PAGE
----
Being convicted of any violent crime can have a serious impact on a person’s life. Violent felony convictions can make you a “violent predicate” for sentencing purposes in the future, subjecting you to additional sentencing time if you’re ever convicted of another felony.
In fact, even seemingly meaningless altercations such as a bar fight can carry jail time depending upon the circumstances. Because of the potentially severe consequences, it’s important that you speak with an experienced attorney as soon as possible to minimize the penalties.
At the Law Office of Michael A. Schillinger, Esq., I take an aggressive approach to defending my clients against all types of violent criminal charges, including domestic violence charges. If you have been charged with any type of violent crime, it’s important to speak with me as soon as possible. Witnesses and evidence can be lost or become unavailable over time. You also want an experienced defense attorney to represent you during any pre-trial matters, especially interrogations or line-ups, to ensure that your rights are protected.
Serious Penalties for Violent Crime Charges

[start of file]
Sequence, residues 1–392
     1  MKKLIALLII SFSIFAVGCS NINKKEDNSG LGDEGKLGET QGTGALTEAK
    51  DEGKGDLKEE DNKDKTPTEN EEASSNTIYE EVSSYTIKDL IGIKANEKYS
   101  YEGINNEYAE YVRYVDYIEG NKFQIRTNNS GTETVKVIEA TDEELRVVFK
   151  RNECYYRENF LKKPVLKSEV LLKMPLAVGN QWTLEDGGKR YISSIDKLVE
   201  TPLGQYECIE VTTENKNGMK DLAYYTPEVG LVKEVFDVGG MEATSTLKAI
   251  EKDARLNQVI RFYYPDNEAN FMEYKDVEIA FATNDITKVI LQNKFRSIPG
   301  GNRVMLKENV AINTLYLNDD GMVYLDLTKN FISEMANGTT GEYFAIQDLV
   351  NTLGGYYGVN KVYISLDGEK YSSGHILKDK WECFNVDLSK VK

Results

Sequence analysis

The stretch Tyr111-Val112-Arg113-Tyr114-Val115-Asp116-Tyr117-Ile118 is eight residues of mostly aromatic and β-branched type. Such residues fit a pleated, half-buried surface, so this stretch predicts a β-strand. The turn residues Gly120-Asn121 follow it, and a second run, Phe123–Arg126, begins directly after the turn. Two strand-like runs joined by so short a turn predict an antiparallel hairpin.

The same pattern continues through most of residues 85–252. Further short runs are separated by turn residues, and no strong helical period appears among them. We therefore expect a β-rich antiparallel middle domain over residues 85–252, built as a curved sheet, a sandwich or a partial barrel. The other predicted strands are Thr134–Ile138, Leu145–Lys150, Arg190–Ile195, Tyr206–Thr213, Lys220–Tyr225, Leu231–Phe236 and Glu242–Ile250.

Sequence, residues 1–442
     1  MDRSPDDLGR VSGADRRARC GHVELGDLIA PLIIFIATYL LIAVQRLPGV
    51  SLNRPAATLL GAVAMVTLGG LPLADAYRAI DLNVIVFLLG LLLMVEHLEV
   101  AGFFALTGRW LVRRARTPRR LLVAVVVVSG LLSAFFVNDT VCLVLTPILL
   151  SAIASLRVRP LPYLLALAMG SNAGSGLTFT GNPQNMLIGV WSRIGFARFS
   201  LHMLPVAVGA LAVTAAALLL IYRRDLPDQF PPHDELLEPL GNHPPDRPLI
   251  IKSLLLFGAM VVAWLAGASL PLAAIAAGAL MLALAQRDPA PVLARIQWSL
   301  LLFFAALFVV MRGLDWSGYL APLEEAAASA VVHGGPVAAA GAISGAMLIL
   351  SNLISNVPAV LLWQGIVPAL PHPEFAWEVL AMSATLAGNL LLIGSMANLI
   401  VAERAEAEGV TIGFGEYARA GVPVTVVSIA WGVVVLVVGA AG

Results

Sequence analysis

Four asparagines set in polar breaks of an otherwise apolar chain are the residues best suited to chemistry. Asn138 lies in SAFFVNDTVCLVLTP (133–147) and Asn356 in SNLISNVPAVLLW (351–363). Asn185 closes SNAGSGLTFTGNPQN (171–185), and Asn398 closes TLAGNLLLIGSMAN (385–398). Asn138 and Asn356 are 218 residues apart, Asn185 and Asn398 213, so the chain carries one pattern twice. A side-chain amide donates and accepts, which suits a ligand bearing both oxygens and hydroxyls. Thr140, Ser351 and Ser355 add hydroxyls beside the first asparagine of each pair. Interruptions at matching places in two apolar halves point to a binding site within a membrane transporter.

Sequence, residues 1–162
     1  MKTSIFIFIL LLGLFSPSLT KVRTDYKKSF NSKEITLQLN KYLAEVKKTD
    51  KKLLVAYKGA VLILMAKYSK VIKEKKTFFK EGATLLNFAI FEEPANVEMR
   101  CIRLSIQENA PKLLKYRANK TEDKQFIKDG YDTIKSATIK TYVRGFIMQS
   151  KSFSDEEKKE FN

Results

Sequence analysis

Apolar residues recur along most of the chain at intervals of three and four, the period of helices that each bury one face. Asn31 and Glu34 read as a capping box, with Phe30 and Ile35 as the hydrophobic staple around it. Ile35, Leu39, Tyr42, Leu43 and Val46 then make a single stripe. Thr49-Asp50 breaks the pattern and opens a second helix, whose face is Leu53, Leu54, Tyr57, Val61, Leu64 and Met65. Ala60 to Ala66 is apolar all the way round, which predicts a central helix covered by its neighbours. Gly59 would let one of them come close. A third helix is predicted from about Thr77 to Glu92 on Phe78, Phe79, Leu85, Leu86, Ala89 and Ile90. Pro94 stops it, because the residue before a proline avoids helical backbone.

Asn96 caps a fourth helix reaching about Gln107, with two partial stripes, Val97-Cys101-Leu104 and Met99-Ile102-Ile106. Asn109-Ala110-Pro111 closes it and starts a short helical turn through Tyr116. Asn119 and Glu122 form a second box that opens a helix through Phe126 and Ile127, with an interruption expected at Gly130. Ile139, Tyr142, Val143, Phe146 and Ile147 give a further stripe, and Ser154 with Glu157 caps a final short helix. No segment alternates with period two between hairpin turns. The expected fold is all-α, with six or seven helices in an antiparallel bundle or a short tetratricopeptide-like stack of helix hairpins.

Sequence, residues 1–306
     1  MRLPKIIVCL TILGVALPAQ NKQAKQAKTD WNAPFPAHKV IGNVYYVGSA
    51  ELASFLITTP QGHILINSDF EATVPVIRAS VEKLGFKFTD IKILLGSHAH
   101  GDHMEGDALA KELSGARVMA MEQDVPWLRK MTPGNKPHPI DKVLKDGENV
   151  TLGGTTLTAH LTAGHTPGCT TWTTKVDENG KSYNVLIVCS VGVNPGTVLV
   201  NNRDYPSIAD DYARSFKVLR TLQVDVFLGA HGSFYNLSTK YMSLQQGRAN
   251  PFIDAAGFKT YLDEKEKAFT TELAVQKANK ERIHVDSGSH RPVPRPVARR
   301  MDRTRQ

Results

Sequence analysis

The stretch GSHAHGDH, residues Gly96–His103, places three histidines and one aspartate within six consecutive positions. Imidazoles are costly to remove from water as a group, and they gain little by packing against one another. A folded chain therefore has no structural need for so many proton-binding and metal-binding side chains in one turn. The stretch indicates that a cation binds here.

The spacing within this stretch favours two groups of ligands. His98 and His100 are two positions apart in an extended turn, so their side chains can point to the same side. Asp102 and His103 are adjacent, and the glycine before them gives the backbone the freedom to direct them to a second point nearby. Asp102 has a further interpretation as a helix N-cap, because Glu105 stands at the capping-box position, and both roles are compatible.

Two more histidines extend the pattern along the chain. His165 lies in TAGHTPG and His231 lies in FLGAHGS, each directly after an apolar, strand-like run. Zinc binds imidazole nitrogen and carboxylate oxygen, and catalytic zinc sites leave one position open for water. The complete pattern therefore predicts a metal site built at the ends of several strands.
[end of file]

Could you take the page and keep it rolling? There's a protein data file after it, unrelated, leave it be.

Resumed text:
Some of the penalties can include the following:
- A criminal record that will stick with you for the rest of your life, which may have a negative impact on your job or career
- Suspension of your driver’s license
- Being expelled from a university or losing financial aid for your education
- Potential immigration consequences, including removal, regardless of whether or not you are here as a legal permanent resident or undocumented
- Forfeiture of some of your assets, including your money or vehicle recovered during the alleged crime
- Expensive fines and court fees
- Long periods of incarceration or probation
Do not take these charges lightly. Fight aggressively to make sure you avoid jail time and other serious consequences.
Common Charges for Violent Crimes
There are numerous violent criminal charges that include:
- Assault in the third degree – A class “A” misdemeanor, carrying a sentence of up to a year in jail or three years probation
- Assault in the second degree – A class “D” violent felony, which carries a minimum of two (2) years in prison
- Assault in the first degree – A class “B” violent felony, carrying a mandatory minimum sentence of five years’ incarceration followed by 2 ½ years of post-release supervision, even for someone who has no previous criminal record.
- Other violent crimes – Including menacing, kidnapping, unlawful imprisonment, reckless endangerment, vehicular assault, gang assault and many others.
Contact An Assault Attorney in Islip Today
Call me today so that we can begin discussing the facts of your case and working on your defense. Getting ahead of the case can be critical in any criminal defense case. I offer free consultations, so there’s no financial risk in discussing your options. Call me today or fill out the online contact form.